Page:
Chris Lange, FISM News
Russian forces stormed the eastern Ukrainian city of Sievierodonetsk early Monday and pounded the city with artillery fire, including a chemical plant where approximately 500 civilians have been sheltering in underground bunkers. Casualties, if any, have not been reported. The brutal assault mirrors the bloody, months-long fight for Mariupol, now under Russian control.
A Moscow-backed separatist said every bridge in the largest remaining outpost in Luhansk still under Ukrainian control has been destroyed, cutting off Western-supplied weapons and trapping Ukrainian forces and citizens inside according to Reuters.
“They have two options: either follow the example of their fellow soldiers and surrender or die,” Russia’s RIA news agency quoted separatist spokesperson Eduard Basurin as saying, seemingly in reference to the Azovstal fighters that defended Mariupol for months. “They have no other option,” he added.
The British Ministry of Defense said most of the city’s buildings have been destroyed but added that Ukrainian forces continue to hold on to the southern portion of the city. Last week, one of Ukrainian President Volodymyr Zelenskyy’s top aides said Ukraine is losing around 200 fighters per day, due in large part to Russia’s superior firepower.
Meanwhile, Ukraine continues its urgent plea for long-range artillery and air defense systems, saying they are needed to help defend Sievierodonetsk. Kyiv has stressed the importance of defending the city saying it will likely determine the outcome of the war.
Regional governor Sergei Gadai said Monday that Ukrainian troops are fighting to defend the city building by building.
“The battles are so fierce that fighting for not just a street but for a single high-rise building can last for days,” Reuters quoted him as saying.
Gaidai estimated that Russian forces now control about 70% of Sievierodonetsk.
“Russians continue to storm the city, having a significant advantage in artillery they have somewhat pushed back the Ukrainian soldiers,” he said.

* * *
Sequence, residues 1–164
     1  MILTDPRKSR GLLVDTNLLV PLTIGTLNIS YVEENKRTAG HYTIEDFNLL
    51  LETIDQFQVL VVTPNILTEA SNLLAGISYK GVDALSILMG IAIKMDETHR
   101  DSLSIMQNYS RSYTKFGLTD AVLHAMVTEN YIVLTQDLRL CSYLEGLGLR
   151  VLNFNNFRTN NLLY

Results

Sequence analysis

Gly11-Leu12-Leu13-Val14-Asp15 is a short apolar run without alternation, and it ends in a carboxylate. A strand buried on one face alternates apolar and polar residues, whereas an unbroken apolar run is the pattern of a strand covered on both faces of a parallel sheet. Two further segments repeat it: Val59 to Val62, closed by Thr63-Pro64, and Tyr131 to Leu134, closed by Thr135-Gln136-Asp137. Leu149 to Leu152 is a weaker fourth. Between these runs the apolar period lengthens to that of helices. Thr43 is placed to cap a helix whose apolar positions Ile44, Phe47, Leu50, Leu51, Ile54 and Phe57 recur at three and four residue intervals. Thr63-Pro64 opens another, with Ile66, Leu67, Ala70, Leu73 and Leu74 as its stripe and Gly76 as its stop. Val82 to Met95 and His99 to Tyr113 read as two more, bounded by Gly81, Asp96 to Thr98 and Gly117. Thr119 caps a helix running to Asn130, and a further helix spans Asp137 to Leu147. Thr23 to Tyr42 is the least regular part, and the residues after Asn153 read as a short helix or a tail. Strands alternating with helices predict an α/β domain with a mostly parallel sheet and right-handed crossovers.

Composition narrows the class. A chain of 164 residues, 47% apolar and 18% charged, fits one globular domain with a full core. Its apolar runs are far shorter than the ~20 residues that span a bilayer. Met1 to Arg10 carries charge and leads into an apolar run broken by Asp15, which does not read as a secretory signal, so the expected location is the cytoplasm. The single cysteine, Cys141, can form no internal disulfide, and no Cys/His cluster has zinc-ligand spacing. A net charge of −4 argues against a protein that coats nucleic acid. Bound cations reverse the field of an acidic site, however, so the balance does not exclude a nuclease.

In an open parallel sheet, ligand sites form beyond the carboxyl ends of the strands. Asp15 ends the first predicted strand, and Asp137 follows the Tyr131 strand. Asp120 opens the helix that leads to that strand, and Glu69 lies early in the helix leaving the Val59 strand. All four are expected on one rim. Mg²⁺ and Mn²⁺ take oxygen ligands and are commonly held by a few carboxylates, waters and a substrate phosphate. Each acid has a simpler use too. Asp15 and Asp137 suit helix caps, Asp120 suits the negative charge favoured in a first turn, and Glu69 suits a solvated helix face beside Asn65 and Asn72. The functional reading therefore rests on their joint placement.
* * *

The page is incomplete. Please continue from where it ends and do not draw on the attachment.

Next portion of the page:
In his Sunday evening video address, Zelenskyy said the number of child casualties inflicted by Kremlin forces has sealed the world’s view of Russia as a brutal regime.
“Not Peter the Great, not Lev Tolstoy, but children injured and killed in Russian attacks,” he said. The remarks were an apparent reference to a comment made last week by Russian President Vladimir Putin in which he compared Moscow’s military campaign to Russian emperor Peter the Great’s 18th-century conquest of lands held by Sweden.
Russia has repeatedly denied targeting civilians.
Western leaders to visit Kyiv
Meanwhile, the leaders of France, Germany, and Italy are tentatively planning to meet with Zelenskyy in Kyiv on Thursday amid a growing divide within NATO over the types of weapons alliance members should supply to Ukraine.
While the U.S. and the U.K. both recently pledged to send Kyiv more advanced rocket-launching systems, France, Germany, and Italy have not supplied significant quantities of heavy weapons. German Chancellor Olaf Scholz, in particular, has come under heavy criticism for failing to supply more military support to Ukraine. Germany previously committed to supplying self-propelled howitzer guns and anti-aircraft tanks, along with other advanced weaponry; however, shipments have yet to reach Kyiv, and several aren’t expected to arrive before late in the year.